Small Fish in a Big Pond — a Reflection

Sartre wrote many of his significant works after becoming a prisoner of war. There's surely some sense of creativity or desire to express after a period of captivity. There was that lovely quote in Cloud Atlas saying that only those who are deprived of freedom have the barest inkling of what it truly is.

If satisfied with the voluntary contract, your resident blogger will be selling his life on a monthly installment plan in exchange for fiat currency and health insurance. It's not really hard to guess what this big pond is being that it, along with its competitor, is enjoying an antitrust-provoking duopoly. And it is in my instinct that this captivity will breed brilliant lessons and ideas in my head and, much like Sartre, hopefully I am able to share them to my readers.

In spite of studies about more effective work environments and bottom-up approaches to management, it's quite interesting that cubicles and bureaucracies remain to exist. And, of course, one of the self-proclaimed goal would be to tear down these walls, revolutionize and reinvent the job description, and set the button-pushers free. The plan is to create a dent in this globe, no matter how small a fish I am in the big pond; much like how a flap of a butterfly's wings, some say, could cause a hurricane.

I've decided to make it a part of my soul searching social experiment. And of course I am merely justifying, with the use of all these intellectual references, the fact that I am in need of fiat currency to sustain the lifestyle and commodities I have learned to enjoy and love.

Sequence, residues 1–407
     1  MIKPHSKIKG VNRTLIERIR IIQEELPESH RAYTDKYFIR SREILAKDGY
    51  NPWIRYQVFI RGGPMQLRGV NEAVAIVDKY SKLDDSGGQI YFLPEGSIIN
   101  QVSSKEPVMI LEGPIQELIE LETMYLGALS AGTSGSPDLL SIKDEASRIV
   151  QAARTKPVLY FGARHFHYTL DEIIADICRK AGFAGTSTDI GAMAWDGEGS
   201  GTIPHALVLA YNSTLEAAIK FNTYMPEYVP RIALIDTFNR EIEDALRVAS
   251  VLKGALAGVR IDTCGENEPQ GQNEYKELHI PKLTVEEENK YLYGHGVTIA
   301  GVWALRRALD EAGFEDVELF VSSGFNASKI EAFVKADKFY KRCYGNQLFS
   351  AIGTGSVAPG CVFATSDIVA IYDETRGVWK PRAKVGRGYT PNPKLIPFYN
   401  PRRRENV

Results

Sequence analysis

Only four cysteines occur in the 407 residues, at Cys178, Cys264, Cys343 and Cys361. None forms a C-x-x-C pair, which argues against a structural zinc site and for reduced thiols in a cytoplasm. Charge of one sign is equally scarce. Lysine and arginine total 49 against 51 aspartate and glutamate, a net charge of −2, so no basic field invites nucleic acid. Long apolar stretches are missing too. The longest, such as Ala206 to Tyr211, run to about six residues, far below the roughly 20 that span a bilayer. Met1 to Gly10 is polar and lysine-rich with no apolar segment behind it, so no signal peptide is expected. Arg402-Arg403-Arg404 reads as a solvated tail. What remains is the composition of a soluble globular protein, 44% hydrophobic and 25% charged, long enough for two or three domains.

The existential crisis, I guess, is choosing among being in a field I love, an industry that pays well, or a life of a starving aspiring author and artist who is happy with just getting Facebook likes and eating pancit canton.

I would also love to be sent into exile like many great thinkers and make this a big part of this soul searching process. Travel, of course, is what I mean by this. Maybe check out something more affordable and local first. Maybe Dapitan (I'm really going for the exile vibe)? Anywhere rich in history that can stimulate my consciousness.

And rumors tell me that this mafia we call the government will coerce me into giving 30% of my earnings to their ponzi schemes and the pockets of their appointed bureaucrats. All of which are cloaked in the noble intention of providing infrastructure and social justice. It's my first time to experience this kind of legalized plunder and will surely help, along with my captivity, in providing better and more effective content for this blog.

I must spend the rest of my remaining time before I meet the contract face to face in reflection and solitude.

Faber est suae quisque fortunae

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